But ASF on pig farms is just one source of potential problems for German pork producers. Another – and more serious – is wild boars, over which there is much less control. There have been more than 1,600 ASF cases in wild boars in 2020 in Poland to date, only 600 fewer than in the whole of 2019, according to data from the General Veterinary Inspectorate.

Poland passed a special law on containing ASF in December last year that gave Polish hunting associations new powers in culling wild boar.

But the hunting associations are regularly accused of disregarding safety measures and helping, rather than curbing, the spread of the disease. In early 2020, private broadcaster TVN24 allegedly exposed the lax biosecurity measures of one of the hunting associations, prompting a criminal investigation.

The German states of Brandenburg and Saxony have both recently built fences along the border with Poland to prevent wild boars from entering.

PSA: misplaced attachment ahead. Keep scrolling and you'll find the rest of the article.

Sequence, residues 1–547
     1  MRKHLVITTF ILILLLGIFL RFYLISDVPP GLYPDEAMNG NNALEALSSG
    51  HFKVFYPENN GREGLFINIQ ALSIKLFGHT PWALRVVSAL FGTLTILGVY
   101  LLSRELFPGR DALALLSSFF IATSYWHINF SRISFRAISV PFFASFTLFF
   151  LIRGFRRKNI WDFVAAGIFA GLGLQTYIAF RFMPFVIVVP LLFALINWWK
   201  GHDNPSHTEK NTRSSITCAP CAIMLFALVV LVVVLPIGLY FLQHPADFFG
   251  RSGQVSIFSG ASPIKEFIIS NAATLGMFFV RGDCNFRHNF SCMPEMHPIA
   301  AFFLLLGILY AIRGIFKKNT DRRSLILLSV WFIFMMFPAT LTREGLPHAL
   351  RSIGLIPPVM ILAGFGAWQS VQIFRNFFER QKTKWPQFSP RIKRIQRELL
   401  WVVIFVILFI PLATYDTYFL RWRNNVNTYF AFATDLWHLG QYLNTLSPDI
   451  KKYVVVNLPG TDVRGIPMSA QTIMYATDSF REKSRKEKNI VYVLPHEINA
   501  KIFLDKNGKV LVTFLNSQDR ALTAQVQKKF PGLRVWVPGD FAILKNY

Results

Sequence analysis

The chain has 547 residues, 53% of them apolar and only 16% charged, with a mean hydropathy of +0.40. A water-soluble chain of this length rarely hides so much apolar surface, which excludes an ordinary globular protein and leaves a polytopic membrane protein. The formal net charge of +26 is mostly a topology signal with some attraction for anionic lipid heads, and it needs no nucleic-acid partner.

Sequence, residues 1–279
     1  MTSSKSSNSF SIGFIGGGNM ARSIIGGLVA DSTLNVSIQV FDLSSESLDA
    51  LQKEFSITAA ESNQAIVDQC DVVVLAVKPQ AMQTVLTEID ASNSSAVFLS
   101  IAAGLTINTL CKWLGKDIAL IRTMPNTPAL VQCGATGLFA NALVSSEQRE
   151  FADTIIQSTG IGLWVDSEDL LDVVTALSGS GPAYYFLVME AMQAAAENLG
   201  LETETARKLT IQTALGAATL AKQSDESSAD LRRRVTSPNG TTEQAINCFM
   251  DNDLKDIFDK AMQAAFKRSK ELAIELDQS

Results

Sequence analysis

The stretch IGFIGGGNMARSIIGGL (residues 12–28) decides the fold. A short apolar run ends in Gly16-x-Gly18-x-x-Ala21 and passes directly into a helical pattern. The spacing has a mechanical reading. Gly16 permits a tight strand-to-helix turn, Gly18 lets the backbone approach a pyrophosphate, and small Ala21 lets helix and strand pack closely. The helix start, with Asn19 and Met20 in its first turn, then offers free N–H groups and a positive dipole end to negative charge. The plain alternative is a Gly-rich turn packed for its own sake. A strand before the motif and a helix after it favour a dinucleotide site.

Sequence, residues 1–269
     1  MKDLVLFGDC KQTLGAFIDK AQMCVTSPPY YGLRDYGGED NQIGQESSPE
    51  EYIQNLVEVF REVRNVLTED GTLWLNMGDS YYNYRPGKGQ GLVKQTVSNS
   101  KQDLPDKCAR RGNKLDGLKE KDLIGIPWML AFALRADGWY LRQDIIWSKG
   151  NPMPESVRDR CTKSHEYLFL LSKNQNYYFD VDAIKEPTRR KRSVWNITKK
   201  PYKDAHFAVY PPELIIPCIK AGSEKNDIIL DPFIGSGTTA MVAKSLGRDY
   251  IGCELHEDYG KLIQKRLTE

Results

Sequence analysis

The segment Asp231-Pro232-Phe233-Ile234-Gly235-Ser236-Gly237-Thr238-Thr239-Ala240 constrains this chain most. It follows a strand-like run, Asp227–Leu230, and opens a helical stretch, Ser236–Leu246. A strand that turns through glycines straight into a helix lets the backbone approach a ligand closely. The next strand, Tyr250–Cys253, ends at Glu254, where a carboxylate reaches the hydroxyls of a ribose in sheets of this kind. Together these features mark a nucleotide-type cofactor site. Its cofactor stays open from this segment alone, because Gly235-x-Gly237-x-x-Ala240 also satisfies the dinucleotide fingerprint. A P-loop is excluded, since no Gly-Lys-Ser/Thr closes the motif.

German forest workers set up an electric wildlife fence on the border between eastern Germany and western Poland to prevent wild boars spreading African swine fever.
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German forest workers set up an electric wildlife fence on the border between eastern Germany and western Poland to prevent wild boars spreading African swine fever. Photograph: Hayoung Jeon/EPA
“Jumps over large distances in the disease spread (eg within Poland, to Belgium, Hungary, the Czech Republic) clearly show the existing risk of introduction into Germany through human activity. The Friedrich-Loeffler-Institut (FLI) is especially concerned about the situation in wild boar in Poland as the last cases are only about 10km from the German border,” said Elke Reinking, a spokesperson for FLI, Germany’s federal research institute for animal health.